Three High-Yielding Dividend Stocks to Add Now

The stock market is suffering through its worst year in decades. Since hitting their all-time highs between mid-November and early January, the S&P 500, the Dow, and the Nasdaq Composite have plunged as much as 26%, 22%, and 35%, respectively. But every cloud has its silver lining. Eventually, every bear market throughout history has represented an opportunity for patient investors looking to pick up shares in desirable names at bargain prices. The question isn’t “if” you should be looking for stocks to buy, but which stocks to buy.  

Amid unrelenting inflation and a strong potential for a recession, volatility is widely expected to continue as we head into the new year, making the job of selecting stocks difficult. A logical move in times like these is dividend stocks, which pay you just to hold them. Dividend-paying companies regularly reward investors directly with a portion of the cash flow. The most desirable dividend stocks have a history of raising payouts over time as the company’s profits grow. In this list, we’ll look at three high-yielding stocks that seem ripe for the picking as we head into the new year.  

Anyone who has kept tabs on the global supply chain and shipping saga that’s been unfolding since the outbreak of covid is probably familiar with Genco Shipping (GNK). The company owns a fleet of 44 ships it leases for dry bulk transportation of goods like grain, coal, and iron ore. The going rate to rent one of Genco’s ships is no less than $27,000 per day, which provides some solid cash flow that the company uses to reward its shareholders.  

Dry bulk shipping rates, along with GNK’s share price, have fallen in recent months. Still, as China recovers from recent lockdowns and seasonal demand is expected to be strong, it’s hard to see the pullback in share price as anything less than an opportunistic bargain.  

GNK pays a handsome 14.8% dividend yield. The share price is up 6% over the past month. The company will be looking to display strength ahead of its November 2nd earnings release. The company is expected to report EPS of $0.88, down 38.89% from the prior-year quarter. Meanwhile, the latest Zacks consensus estimate is calling for revenue of $91.06 million, down 22.47% from the prior-year quarter.

Pioneer Natural Resources Company (PXD) has long viewed sustainability as a balance of economic growth, environmental stewardship, and social responsibility. Its emphasis is on developing natural resources in a manner that protects surrounding communities and preserves the environment.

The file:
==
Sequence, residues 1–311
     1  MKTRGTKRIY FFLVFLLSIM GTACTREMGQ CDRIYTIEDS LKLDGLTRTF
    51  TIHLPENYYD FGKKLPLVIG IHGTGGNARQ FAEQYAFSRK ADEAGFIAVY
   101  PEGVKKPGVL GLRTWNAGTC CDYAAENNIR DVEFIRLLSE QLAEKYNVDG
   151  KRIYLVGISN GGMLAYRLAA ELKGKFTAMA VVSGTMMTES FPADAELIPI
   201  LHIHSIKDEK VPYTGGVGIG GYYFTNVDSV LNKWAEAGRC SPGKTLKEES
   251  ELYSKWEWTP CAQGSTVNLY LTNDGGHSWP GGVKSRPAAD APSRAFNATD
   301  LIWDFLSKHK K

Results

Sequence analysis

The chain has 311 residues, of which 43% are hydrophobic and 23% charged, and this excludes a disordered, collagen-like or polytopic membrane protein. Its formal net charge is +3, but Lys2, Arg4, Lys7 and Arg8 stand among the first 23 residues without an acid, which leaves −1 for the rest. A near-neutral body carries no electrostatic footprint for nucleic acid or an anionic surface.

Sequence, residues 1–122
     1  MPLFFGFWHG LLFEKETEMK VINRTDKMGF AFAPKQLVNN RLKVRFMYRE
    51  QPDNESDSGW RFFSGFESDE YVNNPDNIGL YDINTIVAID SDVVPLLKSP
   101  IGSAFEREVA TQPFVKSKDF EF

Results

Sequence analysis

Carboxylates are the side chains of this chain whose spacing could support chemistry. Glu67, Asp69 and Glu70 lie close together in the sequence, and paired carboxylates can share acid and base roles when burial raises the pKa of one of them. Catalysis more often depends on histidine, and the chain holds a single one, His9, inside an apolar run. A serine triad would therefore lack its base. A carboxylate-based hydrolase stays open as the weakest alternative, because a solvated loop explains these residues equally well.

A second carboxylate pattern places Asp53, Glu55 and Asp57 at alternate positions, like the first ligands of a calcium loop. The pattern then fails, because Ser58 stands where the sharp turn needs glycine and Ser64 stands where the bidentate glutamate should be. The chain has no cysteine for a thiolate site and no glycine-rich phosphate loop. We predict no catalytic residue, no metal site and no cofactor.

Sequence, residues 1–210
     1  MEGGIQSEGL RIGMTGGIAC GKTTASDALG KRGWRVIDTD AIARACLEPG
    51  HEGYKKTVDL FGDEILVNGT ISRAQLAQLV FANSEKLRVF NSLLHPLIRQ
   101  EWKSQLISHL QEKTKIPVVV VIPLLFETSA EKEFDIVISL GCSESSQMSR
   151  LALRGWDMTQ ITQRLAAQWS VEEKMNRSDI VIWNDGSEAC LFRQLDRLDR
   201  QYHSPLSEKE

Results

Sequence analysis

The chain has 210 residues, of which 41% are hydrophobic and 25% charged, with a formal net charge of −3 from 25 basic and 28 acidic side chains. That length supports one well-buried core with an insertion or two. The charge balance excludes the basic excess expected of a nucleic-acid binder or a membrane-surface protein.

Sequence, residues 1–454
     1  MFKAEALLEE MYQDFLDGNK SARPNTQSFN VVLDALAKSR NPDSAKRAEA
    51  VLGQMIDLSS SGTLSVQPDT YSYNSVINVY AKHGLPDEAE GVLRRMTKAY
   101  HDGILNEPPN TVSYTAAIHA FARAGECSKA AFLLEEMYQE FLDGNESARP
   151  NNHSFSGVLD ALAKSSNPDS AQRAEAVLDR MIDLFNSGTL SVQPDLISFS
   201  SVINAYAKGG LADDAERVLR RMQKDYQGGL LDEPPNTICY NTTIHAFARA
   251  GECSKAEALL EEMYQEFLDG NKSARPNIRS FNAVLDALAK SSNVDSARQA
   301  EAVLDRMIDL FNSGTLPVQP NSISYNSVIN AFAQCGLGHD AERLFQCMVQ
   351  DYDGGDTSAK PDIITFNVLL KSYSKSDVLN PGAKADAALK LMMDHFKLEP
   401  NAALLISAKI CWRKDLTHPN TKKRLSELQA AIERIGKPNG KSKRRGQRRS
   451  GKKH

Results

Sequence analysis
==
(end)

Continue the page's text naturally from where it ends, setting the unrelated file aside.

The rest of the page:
In the wake of the pandemic, when energy prices were cheap, PXD struck an almost perfectly timed agreement to buy fellow Permian Basin producer Parsley Energy for $4.5 billion. If you’re wondering how PXD managed to finance that transaction, the answer lies in the fact that it was an all-stock deal that ensured Pioneer didn’t have a new giant debt load hanging over its head. The fact that Parsley operated primarily in the same region of West Texas, where Pioneer had both expertise and existing staff, has paid off over time.   

That deal was a coup for Pioneer shareholders, built on the fact it was large and well-capitalized at a time when stressed and debt-reliant shale plays were looking for a white knight. On top of that acquisition, PXD also boosted its dividend by 25% at the start of the year as further evidence of its strong balance sheet.

In the second quarter, revenue was up 64% YOY to $7.01 billion. The company reported earnings of $9.36 per share, beating consensus expectations of $8.80 per share. So far, in 2022, the company has rewarded its investors handsomely with $19.73 per share through its generous 8.48% cash dividend. Even after gaining 31% this year, Pioneer shares likely still have valuation upside in addition to their tremendous dividend income potential.   

The average rate on a 30-year fixed-rate mortgage surged to nearly 7% last week, its highest level in over 20 years, according to Freddie Mac. Mortgage rates have more than doubled since the start of the year when the average 30-year mortgage stood at 3.11%.

Things couldn’t get much worse for mortgage REITs as the Fed’s hawkish monetary policy has caused short-term borrowing rates to soar. However, AGNC Investment (AGNC) should benefit from higher interest rates over time. While Fed policy has raised short-term borrowing costs, it’s also boosting the yields on the mortgage-backed securities that AGNC is stocking up on.  

The REIT boasts a robust and well-safeguarded portfolio. Based on preliminary third-quarter results from the company, it ended September with an investment portfolio totaling $61.5 billion, of which only $1.7 billion was credit-risk transfer assets. Almost the entire portfolio is composed of agency assets, which are protected by the federal government in the event of default. There’s a lot of safety built into AGNC’s supercharged 18% yield. AGNC pays its dividend monthly and has averaged double a digit yield in 12 of the past 13 years.    

The consensus expects the REIT to post quarterly earnings of $0.71 per share in its October 24th report, representing a year-over-year decline of 5.3%. The consensus EPS estimate has increased by 12% over the past month leading up to the call. Revenues are expected to be $289.1 million, down 34.7% from the year-ago quarter.